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Laurier House National Historic Site of Canada

II: Setting the Scene: Immigration:

1896-1947 An Overview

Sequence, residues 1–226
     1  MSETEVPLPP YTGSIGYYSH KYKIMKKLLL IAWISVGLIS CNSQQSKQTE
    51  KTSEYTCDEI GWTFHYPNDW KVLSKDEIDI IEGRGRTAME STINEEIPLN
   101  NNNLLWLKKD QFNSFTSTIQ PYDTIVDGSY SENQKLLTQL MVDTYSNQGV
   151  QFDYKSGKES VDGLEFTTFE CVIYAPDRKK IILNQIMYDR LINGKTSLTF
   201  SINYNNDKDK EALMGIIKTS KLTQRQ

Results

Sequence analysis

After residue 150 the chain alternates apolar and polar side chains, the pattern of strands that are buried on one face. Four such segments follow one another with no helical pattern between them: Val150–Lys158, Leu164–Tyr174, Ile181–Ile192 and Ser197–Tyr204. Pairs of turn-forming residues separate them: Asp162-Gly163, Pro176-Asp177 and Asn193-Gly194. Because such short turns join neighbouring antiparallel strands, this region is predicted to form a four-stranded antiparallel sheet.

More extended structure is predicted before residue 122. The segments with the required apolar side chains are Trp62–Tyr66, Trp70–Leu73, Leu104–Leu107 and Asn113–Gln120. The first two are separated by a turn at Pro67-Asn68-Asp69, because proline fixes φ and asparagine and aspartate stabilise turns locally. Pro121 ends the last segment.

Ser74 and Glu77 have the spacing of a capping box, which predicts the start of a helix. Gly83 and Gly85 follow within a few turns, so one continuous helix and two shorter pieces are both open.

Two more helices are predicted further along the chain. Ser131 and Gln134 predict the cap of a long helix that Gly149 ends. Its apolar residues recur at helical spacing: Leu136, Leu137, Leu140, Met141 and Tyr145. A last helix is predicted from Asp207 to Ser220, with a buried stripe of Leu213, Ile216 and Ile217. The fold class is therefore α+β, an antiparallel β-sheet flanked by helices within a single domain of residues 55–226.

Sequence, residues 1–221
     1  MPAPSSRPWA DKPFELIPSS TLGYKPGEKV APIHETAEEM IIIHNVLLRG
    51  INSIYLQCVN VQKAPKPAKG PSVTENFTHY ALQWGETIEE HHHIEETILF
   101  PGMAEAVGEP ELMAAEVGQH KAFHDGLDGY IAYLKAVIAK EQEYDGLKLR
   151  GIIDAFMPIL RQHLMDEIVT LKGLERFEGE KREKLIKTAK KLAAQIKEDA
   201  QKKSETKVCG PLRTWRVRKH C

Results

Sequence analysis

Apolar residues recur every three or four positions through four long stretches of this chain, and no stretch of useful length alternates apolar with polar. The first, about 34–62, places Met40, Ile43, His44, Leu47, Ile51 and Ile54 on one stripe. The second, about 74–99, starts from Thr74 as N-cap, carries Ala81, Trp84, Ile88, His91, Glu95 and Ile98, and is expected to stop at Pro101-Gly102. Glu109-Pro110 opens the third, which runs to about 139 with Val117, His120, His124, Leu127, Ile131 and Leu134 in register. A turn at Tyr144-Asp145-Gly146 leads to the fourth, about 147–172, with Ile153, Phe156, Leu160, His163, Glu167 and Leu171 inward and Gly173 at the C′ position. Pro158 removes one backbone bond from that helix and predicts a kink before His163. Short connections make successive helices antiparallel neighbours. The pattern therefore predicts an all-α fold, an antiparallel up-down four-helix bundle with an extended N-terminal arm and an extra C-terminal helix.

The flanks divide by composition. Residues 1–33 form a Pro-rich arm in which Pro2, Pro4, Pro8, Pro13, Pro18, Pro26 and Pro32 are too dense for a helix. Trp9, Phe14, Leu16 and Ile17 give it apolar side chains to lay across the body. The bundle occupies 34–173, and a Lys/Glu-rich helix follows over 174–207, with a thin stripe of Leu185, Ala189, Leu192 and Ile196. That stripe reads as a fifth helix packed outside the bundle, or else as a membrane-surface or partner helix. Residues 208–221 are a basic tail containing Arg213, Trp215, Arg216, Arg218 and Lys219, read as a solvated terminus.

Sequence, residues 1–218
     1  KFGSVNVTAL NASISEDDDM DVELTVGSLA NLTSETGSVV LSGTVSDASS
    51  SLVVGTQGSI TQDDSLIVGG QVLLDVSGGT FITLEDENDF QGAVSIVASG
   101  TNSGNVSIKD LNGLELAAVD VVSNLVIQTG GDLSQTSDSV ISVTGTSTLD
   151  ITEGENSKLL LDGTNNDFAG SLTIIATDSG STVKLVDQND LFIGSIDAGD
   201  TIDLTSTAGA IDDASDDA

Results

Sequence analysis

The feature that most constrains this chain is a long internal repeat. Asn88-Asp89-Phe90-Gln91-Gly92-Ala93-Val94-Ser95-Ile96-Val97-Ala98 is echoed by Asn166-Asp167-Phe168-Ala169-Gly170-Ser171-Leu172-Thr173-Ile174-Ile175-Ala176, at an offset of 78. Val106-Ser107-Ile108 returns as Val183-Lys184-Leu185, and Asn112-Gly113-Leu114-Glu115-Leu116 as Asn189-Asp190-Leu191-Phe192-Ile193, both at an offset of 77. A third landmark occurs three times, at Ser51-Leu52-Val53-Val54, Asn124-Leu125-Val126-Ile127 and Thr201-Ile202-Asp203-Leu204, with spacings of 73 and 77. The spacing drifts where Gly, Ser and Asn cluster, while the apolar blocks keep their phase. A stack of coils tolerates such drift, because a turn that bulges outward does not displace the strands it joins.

National and international factors combined to produce the flood of immigration to Canada between 1896 and the outbreak of World War I in 1914. As world trade recovered from the depression of the 1880s and middle 1890s, the demand and prices for foodstuffs increased in Great Britain and Western Europe. For most of the century, the U.S. had been regarded as the land of opportunity. However, by 1890 its good free lands had been occupied, and the tide of immigration turned northward to the Canadian West. Dry-farming methods and faster maturing strains of wheat, which had been developed in the U.S., were ideally suited to the low rainfall and short growing season of the prairies. Transportation for settlers and their products was available on the Canadian Pacific Railway, and the presence of the North West Mounted Police ensured the preservation of law and order.